Watch for Tax Fraud
One of the easiest and most lucrative means of capitalizing on identity theft is to file a fraudulent tax return. The IRS is actively working on improving the situation but at the moment the best things you can do are mostly reactive. File your return as early in the filing period as possible, and watch for signs of issues – the IRS will report if they receive two returns, for example.
In that case, you can work with the IRS to prove the valid return and to protect your return in the future, but they don’t yet have anything in place for proactive protection. That’s likely to change, so keep an eye open for that in the future.
Audit Your Account Security
This is a great time to go through your open accounts and make sure they’re protected. Make a list of your financial accounts – your banks, your 401k, investment accounts, loan companies, etc.
For each account, do the following:
- Check that each account’s contact information is up to date and current. Make sure you have their email addresses all pointing to an account you monitor regularly – and add that email account to this list of accounts.
- Turn on whatever activity notifications are available, so that any changes to the account will be reported to your email.
- Turn on available fraud protections for the account. Most banks and credit card companies offer free monitoring.
- Secure your account access. Make sure the password is a strong one, and enable two-factor authentication. This is a process where logging into the account requires not only your password but something like a security code sent to your mobile phone. Do this for your primary email account, too.
- If the account uses security questions – “What’s your mother’s maiden name?” and the like – go through those and change your responses to incorrect but memorable Don’t use anything likely to have been breached, or that someone else could look up. Your mother’s maiden name is Smith? Then your security answer should be anything but Smith.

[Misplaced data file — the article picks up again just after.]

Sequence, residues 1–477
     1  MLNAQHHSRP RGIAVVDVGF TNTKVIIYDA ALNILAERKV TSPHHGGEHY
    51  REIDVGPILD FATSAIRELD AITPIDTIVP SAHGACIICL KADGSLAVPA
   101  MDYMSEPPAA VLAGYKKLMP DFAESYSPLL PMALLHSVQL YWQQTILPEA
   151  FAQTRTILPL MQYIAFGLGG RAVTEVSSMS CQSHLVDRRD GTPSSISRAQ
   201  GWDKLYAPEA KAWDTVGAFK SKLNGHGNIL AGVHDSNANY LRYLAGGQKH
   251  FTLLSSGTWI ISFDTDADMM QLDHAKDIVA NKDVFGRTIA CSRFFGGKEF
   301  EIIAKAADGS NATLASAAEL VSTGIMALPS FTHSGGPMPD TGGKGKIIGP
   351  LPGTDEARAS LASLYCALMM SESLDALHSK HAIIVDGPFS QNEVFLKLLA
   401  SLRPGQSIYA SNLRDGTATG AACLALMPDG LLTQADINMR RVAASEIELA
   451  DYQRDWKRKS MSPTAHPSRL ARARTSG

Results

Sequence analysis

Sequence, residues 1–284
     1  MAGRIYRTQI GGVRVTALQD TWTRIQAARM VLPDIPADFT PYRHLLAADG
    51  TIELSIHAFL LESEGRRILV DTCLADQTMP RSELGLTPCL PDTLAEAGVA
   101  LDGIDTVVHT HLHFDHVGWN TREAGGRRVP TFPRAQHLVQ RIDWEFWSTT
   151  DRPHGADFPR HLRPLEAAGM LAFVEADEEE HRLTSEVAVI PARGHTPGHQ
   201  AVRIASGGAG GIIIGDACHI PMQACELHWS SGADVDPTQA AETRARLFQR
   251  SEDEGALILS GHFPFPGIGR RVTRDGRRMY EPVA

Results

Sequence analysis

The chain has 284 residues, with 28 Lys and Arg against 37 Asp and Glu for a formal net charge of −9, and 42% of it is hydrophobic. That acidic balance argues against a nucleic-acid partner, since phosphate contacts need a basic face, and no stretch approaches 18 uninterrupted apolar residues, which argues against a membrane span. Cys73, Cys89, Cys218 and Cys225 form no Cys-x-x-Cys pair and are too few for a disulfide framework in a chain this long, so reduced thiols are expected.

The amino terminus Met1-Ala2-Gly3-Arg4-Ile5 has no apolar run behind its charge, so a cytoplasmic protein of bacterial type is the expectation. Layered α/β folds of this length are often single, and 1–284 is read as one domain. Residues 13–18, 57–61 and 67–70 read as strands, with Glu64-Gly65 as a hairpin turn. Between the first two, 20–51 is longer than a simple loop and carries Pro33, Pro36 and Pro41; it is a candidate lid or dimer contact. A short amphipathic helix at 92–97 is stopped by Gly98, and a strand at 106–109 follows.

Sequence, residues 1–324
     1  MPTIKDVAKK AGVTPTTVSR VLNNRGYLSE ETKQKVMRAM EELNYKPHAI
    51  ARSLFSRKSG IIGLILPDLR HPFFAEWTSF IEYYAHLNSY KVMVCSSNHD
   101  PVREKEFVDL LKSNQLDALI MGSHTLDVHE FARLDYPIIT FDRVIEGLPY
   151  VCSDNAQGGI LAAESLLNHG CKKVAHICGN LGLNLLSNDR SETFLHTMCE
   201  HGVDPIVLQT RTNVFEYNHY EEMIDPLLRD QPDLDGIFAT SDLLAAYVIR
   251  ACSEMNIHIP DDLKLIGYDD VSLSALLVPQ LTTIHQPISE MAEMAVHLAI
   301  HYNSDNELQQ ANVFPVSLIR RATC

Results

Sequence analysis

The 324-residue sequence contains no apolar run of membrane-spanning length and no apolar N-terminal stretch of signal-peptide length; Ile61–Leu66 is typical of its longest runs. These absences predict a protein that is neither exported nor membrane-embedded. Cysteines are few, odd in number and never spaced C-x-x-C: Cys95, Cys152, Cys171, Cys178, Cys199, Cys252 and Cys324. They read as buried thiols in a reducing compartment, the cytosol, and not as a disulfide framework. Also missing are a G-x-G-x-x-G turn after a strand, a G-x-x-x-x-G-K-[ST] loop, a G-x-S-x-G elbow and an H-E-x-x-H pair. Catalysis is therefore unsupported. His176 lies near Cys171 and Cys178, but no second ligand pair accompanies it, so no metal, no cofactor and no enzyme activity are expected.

Monitor Your Credit
Everyone wants to sell you credit monitoring. Don’t do it – it isn’t worth the cost.
First, you probably already have free credit monitoring through one of your banks or credit cards, and if you do, by all means sign up and take advantage of it. It isn’t that credit monitoring doesn’t have value, it’s just not worth paying extra for it.
Second, get into the habit of checking your credit report on a regular basis. You’re entitled to free, detailed copies of your report every year by federal law. There are many sites set up to arrange this for you, but the only one recommended by the government directly is annualcreditreport.com.
Taking these steps will go a long way to protecting your information. It’s not a guarantee, but it will at minimum mean you’re not the easiest target, and that is often enough.
Next week, I’ll post an article on the steps to take in case you’re already a victim of identity theft.